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Not so impressed by 2003 Château d'Yquem

So I'm a huge wine lover. And in particular a big fan of dessert wines. I have had dozens of different botrytis wines including most of the top Sauternes, Barsacs, and Monbazillacs in some vintage or other. My current favorite a Chateau Memoires Cadillac is a remarkable wine (and rather reasonable $ if somewhat hard to find.) Just for the record I also love ports and have had some very tasty ones dating back as far as 1945...

That said I have never tasted Château d'Yquem... A lot to spend on a bottle, never got around to it, etc. I tend to have good Sauternes in my cellar all the time and save the big $ for port.

I found myself in Gaslight, a Boston restaurant last night and was perusing the wine list as usual, and they have Château d'Yquem 2003 by the glass for $32. Well that was my chance. I bought a glass to share with a friend whose birthday it was...

Sweet certainly, and tasty, some nice other fruity notes, but not the drop dead, mindblowing, definition-of-Sauternes flavor I expected. And honestly light on botrytis-character. Again, I would not complain if someone said: "here taste this." I would have said "wow nice Sauternes." But tasting blind, would never in a million years have said "ah ha, this is Yquem."

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  1. Striper:

    Yquem is one of those few things I rate as better than sex.

    Now, having said that, I'd never

    a) order Yquem by the glass. Since a glass out of a bottle that has been opened a week ago is , well, just a glass out of a bottle that has been opened a week ago. The actual original bottle name is irrelevant at that point.

    b) kill a baby. When speaking of Yquems, even 10 years is too young. I've done the crime on a couple of 1996s, and I don't regret it, but wouldn't ever dare on a 2003.

    My suggestion: get together with a group of friends, share the expense of a 1975, then please post.

    1. Stripe: thanks for the report...

      Assuming, per the other poster's comments, that the wine was not oxidized, then it would have been most revealing to try the CdY heads up vs. other 2003 premier crus... that's the most valid measure, IMO, of how good a particular trophy wine really is... Similar discussion of this on the thread re: Grange shiraz.

      Re bottle age, while 2003 is "young", in my own experience I've found Sauternes to be quite drinkable early though there's no question the wine matures and evolves... again, tasting it heads up against a Suiduirat, Climens, Rieussec, etc. could have revealed quite alot here.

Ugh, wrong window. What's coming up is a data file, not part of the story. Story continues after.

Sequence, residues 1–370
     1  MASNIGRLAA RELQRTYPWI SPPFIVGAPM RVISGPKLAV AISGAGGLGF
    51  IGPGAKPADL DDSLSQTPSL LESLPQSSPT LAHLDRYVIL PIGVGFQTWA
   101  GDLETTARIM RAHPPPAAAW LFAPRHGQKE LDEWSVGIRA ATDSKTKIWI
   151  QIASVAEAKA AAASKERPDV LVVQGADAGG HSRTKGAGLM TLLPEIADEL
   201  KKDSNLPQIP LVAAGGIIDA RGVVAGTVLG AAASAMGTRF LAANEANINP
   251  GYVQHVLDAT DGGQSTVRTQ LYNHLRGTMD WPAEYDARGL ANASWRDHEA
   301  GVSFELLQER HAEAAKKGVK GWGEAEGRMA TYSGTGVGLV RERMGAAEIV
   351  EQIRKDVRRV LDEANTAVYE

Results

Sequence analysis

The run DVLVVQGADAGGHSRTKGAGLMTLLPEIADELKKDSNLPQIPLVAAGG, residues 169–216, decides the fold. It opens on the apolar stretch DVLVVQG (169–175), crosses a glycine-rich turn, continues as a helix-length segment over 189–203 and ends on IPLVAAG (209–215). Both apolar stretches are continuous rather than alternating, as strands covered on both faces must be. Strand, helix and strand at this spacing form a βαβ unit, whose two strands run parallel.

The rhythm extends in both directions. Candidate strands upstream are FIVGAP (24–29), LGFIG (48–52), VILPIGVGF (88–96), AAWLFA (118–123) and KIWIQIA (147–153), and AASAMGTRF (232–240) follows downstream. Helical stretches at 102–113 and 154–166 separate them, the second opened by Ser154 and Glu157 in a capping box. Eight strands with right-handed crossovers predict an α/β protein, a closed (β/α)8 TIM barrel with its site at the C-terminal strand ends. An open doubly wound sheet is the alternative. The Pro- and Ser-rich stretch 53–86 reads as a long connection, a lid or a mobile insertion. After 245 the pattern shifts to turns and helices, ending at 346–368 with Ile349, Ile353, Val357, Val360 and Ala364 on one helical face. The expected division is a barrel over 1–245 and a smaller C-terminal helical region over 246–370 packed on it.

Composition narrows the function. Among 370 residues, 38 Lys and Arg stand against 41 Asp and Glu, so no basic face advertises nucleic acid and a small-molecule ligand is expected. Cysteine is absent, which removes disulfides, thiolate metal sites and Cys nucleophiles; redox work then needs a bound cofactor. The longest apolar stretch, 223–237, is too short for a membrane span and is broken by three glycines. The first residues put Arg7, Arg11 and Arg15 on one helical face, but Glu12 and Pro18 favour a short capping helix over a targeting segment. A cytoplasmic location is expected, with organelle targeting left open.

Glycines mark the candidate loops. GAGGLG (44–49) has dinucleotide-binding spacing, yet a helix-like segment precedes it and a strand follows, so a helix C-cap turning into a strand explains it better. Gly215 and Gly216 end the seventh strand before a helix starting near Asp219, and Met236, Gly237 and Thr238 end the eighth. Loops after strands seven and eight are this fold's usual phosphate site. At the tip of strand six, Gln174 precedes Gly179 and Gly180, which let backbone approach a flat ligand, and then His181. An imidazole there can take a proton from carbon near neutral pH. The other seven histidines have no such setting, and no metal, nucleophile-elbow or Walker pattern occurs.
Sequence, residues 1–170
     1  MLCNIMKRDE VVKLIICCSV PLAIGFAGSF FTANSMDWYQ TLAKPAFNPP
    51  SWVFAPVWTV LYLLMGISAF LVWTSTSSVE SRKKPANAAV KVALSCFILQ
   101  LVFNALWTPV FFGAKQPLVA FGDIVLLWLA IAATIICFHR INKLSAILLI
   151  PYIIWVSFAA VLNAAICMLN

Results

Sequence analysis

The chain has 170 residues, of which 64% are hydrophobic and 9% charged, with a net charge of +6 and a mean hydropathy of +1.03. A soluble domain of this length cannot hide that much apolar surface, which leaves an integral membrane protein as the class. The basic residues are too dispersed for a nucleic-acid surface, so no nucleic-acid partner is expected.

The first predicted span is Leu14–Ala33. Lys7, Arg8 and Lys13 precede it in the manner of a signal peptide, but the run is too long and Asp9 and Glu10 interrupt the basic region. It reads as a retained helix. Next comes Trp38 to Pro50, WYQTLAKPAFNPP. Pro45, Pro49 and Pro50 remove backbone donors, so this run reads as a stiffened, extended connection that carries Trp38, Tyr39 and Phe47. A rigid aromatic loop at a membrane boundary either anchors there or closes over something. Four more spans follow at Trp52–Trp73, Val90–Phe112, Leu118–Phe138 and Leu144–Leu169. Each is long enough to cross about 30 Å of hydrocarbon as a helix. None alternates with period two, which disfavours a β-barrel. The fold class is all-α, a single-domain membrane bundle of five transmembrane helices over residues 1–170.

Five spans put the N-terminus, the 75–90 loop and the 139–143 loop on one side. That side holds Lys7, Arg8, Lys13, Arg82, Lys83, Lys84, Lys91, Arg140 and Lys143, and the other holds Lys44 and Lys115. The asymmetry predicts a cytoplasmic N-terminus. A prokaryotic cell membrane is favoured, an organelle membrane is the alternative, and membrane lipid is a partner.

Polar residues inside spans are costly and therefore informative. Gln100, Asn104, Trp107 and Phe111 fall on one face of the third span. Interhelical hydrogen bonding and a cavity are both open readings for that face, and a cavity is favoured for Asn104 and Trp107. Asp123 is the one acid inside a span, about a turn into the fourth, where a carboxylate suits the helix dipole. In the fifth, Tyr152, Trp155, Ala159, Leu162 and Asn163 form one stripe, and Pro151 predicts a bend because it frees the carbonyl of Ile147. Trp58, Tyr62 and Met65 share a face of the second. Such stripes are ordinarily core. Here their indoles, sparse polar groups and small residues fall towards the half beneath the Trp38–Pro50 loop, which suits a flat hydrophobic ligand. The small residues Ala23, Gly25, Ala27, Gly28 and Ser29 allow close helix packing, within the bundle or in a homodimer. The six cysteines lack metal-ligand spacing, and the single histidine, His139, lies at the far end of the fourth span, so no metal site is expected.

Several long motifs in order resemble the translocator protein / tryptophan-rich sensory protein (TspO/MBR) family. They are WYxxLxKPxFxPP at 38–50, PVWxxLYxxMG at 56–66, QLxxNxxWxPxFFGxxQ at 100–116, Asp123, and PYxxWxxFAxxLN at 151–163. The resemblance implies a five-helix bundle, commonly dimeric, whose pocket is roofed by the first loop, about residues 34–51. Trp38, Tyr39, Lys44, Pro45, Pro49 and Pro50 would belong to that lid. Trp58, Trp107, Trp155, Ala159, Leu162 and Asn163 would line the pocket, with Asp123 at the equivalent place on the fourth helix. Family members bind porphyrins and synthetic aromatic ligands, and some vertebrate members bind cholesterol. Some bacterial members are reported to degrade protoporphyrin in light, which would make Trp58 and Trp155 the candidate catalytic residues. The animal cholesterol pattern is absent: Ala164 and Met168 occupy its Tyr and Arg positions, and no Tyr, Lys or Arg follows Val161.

1. The wine was served from a 1/2 bottle and I was told Gaslight goes through 1 or 2 a night. And it was late on a Saturday, a nearly full 1/2 bottle so likely very recently opened. It was not oxidized at all. I've tried all the wines Mike mentions below (not '03 but other years) both well aged and recent vintages.

        In my opinion, and I would say generally, white dessert wines do not require aging to show their mettle, unlike say port or a really serious red. I have some very nice Rabaud Promis and Chateau de Malle from '89 and '90 aging downstairs. Both are amongst the best Sauternes I have ever had, and yet both also were delicious in '93 or so when I bought them.

        No, this was just an unexceptional bottle in my opinion. Has anyone out there actually tried an Yquem '03?

        13 Replies
        1. re: StriperGuy

          I have rarely had an d'Yquem that was impressive in its youth, and I have had it dozens of times. It is a 20-30yr wine and will never show its cards as a baby. gaslight is showing that they know little about wine to even offer this. That or they think they will take advantage of newcomers

          1. re: Winer

            Keep in mind that if Gaslight were serving 1977 CdY by the glass it would cost more than the meal....

            1. re: Chicago Mike

              Pardon me if I am wrong. But I believe 1977 is one of the worst vintage for both red and white Bordeaux. I think Y'quem skipped the vintage and made a 'Y' instead?!

              1. re: Charles Yu

                I think Chicago MIke was just trying to make a point. That being said you don't offer a grossly immature wine just to say you offer d'Yquem BTG

                1. re: Charles Yu

                  I'm not picking 77 out particularly, but rather the 20 to 30 year timeframe referenced by the other poster.... point being that any CdY of a good year in that general age is going to be much more expensive than 32 dollars a glass....

                  Example, 750mls of 1975's are offered at $850 and up into the teens today.

                  1. re: Charles Yu

                    Thread drift, but the chateau made both d'Yquem and Ygrec in 1977 and, in fact, usually make both. Haven't had either although I did once have a decent Haut Brion Blanc 1977.

              2. re: StriperGuy

                I'm a neophyte to dessert wines having had only a few Barsacs and Monbazillacs but could you please clearly describe to me the "definition-of-Sauternes flavor [that you] expected" from the d'Yquem '03?

                Thanks!

                1. re: Chinon00

                  The expectation of an "03 d'Yquem should not be known at this juncture. Just like you should have no reference on sex with a child. d'Yquem is best drunk with many years on it. The '67 was still a thrill a sip 5 years ago at age 35, the carmelized qualities of older Sauturne are what makes it so special. You melony and acutely sweet desserts are somewhat hedonistic but not at all what "could be"

                  1. re: Winer